Disclaimer: We run 10 Million Unique visitors a month through Groovy/Grails on Virtualtourist.com and I have been a Linux Java guy since 1998. I have also run/lead Asp.net, Perl, Cold Fusion, PHP and Ruby/Rails sites/teams so I am generally versed in the big frameworks.
If we agree that there are really only 4 valid mainstream options:
Then we either need to talk about your target market, your budget, or local access to skills.
If you have no budget for licensing, then the closed M$ system is out.
If you have no budget for development and you are B2C then PHP "Visual Basic for the Web" is your best chance. But you are not going to scale to enterprise level, and good luck finding high quality developer talent. Like VB, PHP developers are easy to find and inexpensive by comparrison, GOOD PHP developers are mostly white whales who would rather be working in another language (Groovy/Ruby).
If you do have some budget for development, and scale or B2B are part of your SAAS, then you really have a choice between Ruby/Rails or Groovy/Grails. Both can run on AWS, rightscale, or various other providers e.g. Heroku etc.. Both can talk to various NoSQL or SQL solutions, likely to need both. Both Scale to reasonably degrees. Both have libraries for Enterprise type integration, both make reasonable SAAS platforms. Both have plug-in ecosystems for development. Java is obviously more mature with more libraries depending on your requirements. Both can talk to SOLR or Elastic Search. All of them are going to be run behind Apache (except M$ stuff of course).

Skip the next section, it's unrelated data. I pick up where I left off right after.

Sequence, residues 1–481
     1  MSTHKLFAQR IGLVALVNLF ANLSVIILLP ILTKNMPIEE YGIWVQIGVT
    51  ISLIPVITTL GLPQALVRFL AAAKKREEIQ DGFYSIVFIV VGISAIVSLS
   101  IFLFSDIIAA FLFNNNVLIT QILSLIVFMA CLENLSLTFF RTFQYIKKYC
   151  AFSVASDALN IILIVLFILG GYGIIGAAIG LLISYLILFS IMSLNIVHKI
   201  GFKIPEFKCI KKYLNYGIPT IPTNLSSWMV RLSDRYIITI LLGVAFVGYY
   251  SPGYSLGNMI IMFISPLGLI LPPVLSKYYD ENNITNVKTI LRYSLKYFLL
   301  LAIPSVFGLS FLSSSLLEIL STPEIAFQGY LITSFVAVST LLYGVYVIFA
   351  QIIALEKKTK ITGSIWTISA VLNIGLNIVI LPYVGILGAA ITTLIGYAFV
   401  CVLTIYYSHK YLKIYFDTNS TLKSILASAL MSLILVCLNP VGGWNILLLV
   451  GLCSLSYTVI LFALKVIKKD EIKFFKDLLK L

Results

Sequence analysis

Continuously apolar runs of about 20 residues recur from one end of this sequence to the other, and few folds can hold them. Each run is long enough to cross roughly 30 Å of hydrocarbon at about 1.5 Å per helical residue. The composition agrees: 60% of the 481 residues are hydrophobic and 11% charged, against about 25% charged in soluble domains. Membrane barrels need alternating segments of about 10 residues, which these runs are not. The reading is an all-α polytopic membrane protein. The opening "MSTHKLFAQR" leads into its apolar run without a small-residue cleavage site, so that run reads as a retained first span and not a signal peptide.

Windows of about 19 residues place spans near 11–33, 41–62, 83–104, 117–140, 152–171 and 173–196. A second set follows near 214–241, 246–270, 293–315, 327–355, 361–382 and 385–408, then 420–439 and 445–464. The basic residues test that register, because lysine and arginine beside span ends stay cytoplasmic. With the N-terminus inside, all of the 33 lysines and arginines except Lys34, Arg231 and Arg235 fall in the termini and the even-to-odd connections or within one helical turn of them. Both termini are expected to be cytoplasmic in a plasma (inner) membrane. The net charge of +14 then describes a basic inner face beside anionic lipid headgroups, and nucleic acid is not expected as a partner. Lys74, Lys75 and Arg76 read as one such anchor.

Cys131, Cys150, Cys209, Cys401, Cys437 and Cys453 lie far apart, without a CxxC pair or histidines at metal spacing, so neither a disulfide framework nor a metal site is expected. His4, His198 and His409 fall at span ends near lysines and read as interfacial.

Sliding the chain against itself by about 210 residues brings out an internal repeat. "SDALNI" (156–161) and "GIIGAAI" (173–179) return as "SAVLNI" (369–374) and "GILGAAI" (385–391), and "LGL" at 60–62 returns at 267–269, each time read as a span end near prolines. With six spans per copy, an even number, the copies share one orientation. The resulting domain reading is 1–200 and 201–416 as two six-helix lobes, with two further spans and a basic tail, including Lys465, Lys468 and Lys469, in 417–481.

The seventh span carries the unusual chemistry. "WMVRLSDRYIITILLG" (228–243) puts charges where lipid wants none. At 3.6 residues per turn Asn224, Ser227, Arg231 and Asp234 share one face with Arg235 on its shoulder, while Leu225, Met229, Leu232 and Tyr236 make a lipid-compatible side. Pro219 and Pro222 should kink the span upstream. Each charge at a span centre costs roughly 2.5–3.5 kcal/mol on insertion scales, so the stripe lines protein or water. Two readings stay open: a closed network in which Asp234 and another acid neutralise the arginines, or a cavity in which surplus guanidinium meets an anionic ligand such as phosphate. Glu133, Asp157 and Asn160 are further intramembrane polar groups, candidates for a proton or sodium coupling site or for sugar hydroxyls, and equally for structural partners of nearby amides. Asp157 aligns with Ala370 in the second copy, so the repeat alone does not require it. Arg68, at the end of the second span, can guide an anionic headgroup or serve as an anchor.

Now you are really in a conversation called what local talent is available, and how do I attract them?
I find that I can find lots of talented Java developers who are excited to work on Groovy/Grails/JVM here in the L.A. area. Ruby/Rails guys here tend to be a little more expensive and harder to find.
Fundamentally, I don't think you should be thinking at all about what data store No SQL/SQL you are using Mongo/Postrgres/Cassandra/Redshift/Memcache/ et al... You aren't qualified to make that decision, nor am I with the little information you have given us.
At the end of the day, if you are approaching Enterprise class customers, you are going to want to go with Groovy/Grails because of Spring/J2EE and JVM being under the hood. Enterprise class customers are going to see the SPRING platform, ability to buy support etc... as a comfort.
If you are looking for funding, that may also change your choice. Some VC's have tech people they are comfortable with in either PHP/Ruby/(Java/Groovy)/.NET and they may be more or less likely to invest if they are familiar/experienced with that particular platform. Your strategy on this front, might actually dictate/limit your choices.
Food for thought.